Reversal, the face of PogChamp on Jan. 10, said he received minor trolling for being PogChamp’s face – but not enough that it detracted from the experience for him. The harassment was markedly different on Jan. 11 when Jones took on the role.
Although Jones said he received a lot of support from viewers and fans, he also received “a lot of hurtful messages and death threats” on his social media accounts, including during the stream on Monday. “I’ve prepared my Twitch and Discord moderators for what is likely to happen, considering I’m a black man who will be the face of a global emote that Twitch has loved for so long,” Jones told Polygon about Twitter DM.
The harassment stems from a comment Jones made on the stream when explaining “the difference between the white matter statement and black lives matter,” he said. In particular, people clung to Jones and said that “white lives don’t matter,” far from what he actually said: that white people can be proud of their heritage – like being Scottish or Irish – but proud to know is to be Not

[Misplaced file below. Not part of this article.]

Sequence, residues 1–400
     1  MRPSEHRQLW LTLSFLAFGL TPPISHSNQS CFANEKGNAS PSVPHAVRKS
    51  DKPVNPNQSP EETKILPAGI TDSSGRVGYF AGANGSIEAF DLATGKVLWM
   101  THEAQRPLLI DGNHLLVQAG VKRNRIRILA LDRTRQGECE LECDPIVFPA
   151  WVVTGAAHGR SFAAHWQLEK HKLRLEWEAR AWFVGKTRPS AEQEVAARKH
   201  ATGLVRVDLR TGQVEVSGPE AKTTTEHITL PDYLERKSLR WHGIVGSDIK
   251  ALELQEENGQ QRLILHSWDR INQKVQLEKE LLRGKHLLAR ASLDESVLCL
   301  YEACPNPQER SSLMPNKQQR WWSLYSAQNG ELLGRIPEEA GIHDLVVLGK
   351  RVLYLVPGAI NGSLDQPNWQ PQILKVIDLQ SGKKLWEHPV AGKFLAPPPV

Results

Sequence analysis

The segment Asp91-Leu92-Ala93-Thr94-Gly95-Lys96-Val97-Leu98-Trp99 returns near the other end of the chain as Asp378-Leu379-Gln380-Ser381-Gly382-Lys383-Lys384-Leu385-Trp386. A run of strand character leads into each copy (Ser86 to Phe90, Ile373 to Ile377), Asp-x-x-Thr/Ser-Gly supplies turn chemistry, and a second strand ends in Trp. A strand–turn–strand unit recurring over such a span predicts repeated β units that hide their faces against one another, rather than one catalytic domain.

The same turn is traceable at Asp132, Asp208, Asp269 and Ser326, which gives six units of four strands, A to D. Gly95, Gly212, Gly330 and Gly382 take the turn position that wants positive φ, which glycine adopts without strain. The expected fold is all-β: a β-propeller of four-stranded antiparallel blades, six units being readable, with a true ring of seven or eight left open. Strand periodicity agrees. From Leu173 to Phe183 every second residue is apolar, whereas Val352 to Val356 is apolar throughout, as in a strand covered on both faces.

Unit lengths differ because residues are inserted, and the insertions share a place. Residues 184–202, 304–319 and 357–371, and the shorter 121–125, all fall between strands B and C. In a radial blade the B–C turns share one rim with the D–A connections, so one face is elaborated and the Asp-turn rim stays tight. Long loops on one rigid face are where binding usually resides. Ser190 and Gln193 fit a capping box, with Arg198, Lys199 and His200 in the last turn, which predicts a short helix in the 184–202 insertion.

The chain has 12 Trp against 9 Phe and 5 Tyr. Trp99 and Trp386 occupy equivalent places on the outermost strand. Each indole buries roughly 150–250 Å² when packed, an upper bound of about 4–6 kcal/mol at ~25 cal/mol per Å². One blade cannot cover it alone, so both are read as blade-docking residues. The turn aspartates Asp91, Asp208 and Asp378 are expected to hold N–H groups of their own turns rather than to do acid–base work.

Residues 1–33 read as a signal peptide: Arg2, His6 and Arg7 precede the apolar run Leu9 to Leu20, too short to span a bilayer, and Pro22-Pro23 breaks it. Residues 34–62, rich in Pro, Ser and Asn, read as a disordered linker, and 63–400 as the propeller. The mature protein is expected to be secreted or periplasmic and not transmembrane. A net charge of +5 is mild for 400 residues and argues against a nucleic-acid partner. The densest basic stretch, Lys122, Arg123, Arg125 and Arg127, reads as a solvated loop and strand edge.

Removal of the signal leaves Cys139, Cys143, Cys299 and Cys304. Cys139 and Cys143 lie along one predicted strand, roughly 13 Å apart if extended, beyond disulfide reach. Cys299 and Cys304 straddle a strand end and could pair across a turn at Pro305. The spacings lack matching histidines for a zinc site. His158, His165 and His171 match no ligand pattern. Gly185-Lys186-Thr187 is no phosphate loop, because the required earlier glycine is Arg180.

“Black people have to say Black Lives Matter because we were stolen from a country. […] without our heritage and our identity, ”he said on the stream. “We only know our blackness. There is a difference. “
Social media critics invoked “reverse racism” over Jones’ comments. although that’s something that doesn’t exist in the United States, given the broader performance dynamics in the game.
Twitch emailed Polygon that it was in “close contact” with streamers featured in the PogChamp experiment.
“Highlighting a new PogChamp every day was an idea that came straight from our community and was developed in the spirit of celebrating the diversity of creators on Twitch,” the spokesman said in a statement. “Although we received an overwhelmingly positive response from both the community and the highlighted ones, we are also in close contact with the new faces of PogChamp to offer support when needed. We will not tolerate harassment from Twitch and will take action against behavior on our service that violates our rules. “